I’m so happy to welcome Southern fiction author, Lindsey Brackett, to our blog. Lindsey is a general editor with Firefly Southern Fiction, an imprint of LPC Books. In addition, she writes a popular column for several North Georgia newspapers. So what’s she up to these days? Promoting her debut novel, Still Waters…
Tell us a little about yourself and your background.
Lindsey: I’m a former middle school teacher who always wanted to be a writer. When I started blogging in 2010, finally letting others read my words, the response was so encouraging, I left teaching to stay home and raise babies in 2011. This book had been in the back of my mind for a decade, little bits written here and there, but no doubt it wouldn’t be the book it is now if I hadn’t taken such a roundabout way to writing. I’ve been a MOPS coordinator, I direct and act in plays at the community theater (that’s my college background—theater), and I often volunteer at the local schools to talk about writing.. and wrangle the theater kids because I do love that stage.
What genre are your books? What draws you to this genre?
Lindsey: I keep myself as open as possible by calling it southern fiction—though Still Waters has hit many labels: women’s fiction, romance, even a little literary. Literary fiction is usually my genre of choice because I love language. I’m always much more concerned with the way the words fit together than what is actually happening in the story. Sometimes I think I should be a poet. But if a story is well-told with strong characters, an engaging plot, and beautiful language, I’m sold. I love southern fiction because it’s my background and I’m constantly trying to examine and understand both the South as I knew it twenty years ago, as my parents knew it fifty years ago, with the “New South” we are now. There are lovely, encouraging aspects about this region and its people—as well as the hardships and realities we like to ignore.
Do you work to an outline or prefer to see where an idea takes you?
Lindsey: Total pantser. I always just start writing with a loose plot outline in my head—as in, I know where this is going, I’m just not sure how we’re going to get there. Usually I can plot about a scene or two ahead. But the truth is, I write like I play chess. I know a few moves, but I don’t have a great overlying strategy formed. I have to get words on the page before I can go back and work on the big picture.
What is the hardest thing about writing?
Lindsey: Realizing scenes I love and worked so hard on will have to go. Recognizing that the plot line I thought was good is weak and needs more tension. Discovering that my characters need more depth than I’m allowing them to have, which means I need to change their circumstances. So, in short, revising, revising, revising. The perfectionist tendencies don’t help.
Where do you see yourself in five years?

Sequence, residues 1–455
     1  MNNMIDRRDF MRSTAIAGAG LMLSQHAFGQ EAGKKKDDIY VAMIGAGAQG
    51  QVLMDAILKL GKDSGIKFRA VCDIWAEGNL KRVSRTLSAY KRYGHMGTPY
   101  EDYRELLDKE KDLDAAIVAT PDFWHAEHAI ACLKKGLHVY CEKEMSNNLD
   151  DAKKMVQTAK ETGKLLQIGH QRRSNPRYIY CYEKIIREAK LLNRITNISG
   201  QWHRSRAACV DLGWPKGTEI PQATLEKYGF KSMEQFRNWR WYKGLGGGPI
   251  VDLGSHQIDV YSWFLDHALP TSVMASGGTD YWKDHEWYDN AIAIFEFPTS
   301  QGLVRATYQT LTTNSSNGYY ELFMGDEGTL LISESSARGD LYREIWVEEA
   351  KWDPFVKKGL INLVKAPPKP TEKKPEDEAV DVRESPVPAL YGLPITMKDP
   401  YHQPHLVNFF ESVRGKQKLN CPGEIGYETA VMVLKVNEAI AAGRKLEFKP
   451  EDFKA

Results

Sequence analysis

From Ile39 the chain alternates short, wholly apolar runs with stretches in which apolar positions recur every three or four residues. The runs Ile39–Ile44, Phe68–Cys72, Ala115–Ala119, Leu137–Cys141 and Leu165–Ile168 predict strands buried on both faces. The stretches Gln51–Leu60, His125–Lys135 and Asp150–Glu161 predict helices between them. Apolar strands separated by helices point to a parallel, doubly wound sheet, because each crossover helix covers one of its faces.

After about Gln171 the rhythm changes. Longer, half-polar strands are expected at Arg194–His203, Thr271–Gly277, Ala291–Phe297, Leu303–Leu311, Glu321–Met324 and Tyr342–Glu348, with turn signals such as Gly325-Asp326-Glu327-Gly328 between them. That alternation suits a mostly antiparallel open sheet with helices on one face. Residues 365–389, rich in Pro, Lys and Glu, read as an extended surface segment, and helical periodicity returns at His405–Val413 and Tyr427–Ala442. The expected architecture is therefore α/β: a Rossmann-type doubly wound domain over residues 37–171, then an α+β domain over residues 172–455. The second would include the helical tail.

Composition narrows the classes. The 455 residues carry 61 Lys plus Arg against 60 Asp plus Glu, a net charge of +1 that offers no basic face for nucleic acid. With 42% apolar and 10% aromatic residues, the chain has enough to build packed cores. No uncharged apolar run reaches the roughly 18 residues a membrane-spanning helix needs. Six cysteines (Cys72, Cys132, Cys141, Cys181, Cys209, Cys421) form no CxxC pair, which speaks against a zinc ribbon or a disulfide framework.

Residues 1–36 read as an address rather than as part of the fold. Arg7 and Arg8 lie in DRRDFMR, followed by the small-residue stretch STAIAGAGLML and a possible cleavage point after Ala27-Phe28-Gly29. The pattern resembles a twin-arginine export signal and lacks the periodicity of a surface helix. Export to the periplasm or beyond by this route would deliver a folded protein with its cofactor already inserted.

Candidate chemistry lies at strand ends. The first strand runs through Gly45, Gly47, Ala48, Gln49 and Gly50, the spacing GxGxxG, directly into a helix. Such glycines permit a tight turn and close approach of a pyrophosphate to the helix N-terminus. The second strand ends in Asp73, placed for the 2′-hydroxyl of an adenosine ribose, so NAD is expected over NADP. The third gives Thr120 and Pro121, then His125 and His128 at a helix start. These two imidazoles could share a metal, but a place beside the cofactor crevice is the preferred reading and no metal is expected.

Lindsey: I’d love to be multi-published and reasonably well-known across the Christian and general fiction markets. But mostly, five years from now, I’d like to see myself not stressed about staring down two kids headed to college because I wrote some books and those books did well and I’m helping support my family with a job I love. Also (this is the ideal) I’d like to have a personal assistant and a housekeeper. Big dreams. #goals 🙂
I need to add assistant and housekeeper to my dreams also. 🙂 Thanks for dropping by, Lindsey!
Cora Anne Halloway has a history degree and a plan—avoid her own past despite being waitlisted for graduate school. Then her beloved grandmother requests—and her dispassionate mother insists—she spend the summer at Still Waters, the family cottage on Edisto Beach.
Despite its picturesque setting, Still Waters haunts her with loss. Here her grandfather died, her parents’ marriage disintegrated, and as a child, she caused a tragic drowning. But lingering among the oak canopies and gentle tides, this place also tempts her with forgiveness—especially since Nan hired Tennessee Watson to oversee cottage repairs. A local contractor, but dedicated to the Island’s preservation from development, Tennessee offers her friendship and more, if she can move beyond her guilt over his father’s death.
When the family reunion brings to light Nan’s failing health, Cora Anne discovers how far Tennessee will go to protect her—and Edisto—from more desolation. Now she must choose between a life driven by guilt, or one washed clean by the tides of grace.
Award-winning writer Lindsey P. Brackett once taught middle grades literature, but now she writes her own works in the midst of motherhood. A blogger since 2010, she has published articles and short stories in a variety of print and online publications including Thriving Family, Country Extra, HomeLife, Northeast Georgia Living, Splickety Magazine, Spark Magazine, and Southern Writers Magazine.
In both 2015 and 2017, she placed in the top ten for Southern Writers Magazine Best Short Fiction. Previously, Lindsey served as Editor of Web Content for the Splickety Publishing Group, and currently she is a general editor with Firefly Southern Fiction, an imprint of LPC Books. In addition, she writes a popular column for several North Georgia newspapers.
Still Waters, influenced by her family ties to the South Carolina Lowcountry, is her debut novel. A story about the power of family and forgiveness, it’s been called “a brilliant debut” with “exquisite writing.” A Georgia native, Lindsey makes her home—full of wet towels, lost library books, and strong coffee—at the foothills of Appalachia with her patient husband and their four rowdy children.